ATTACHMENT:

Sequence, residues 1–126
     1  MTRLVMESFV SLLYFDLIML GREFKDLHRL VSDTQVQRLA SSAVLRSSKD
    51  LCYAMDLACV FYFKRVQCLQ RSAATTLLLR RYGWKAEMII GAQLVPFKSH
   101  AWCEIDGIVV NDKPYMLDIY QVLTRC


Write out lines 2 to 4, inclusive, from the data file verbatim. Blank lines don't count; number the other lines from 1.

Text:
     1  MTRLVMESFV SLLYFDLIML GREFKDLHRL VSDTQVQRLA SSAVLRSSKD
    51  LCYAMDLACV FYFKRVQCLQ RSAATTLLLR RYGWKAEMII GAQLVPFKSH
   101  AWCEIDGIVV NDKPYMLDIY QVLTRC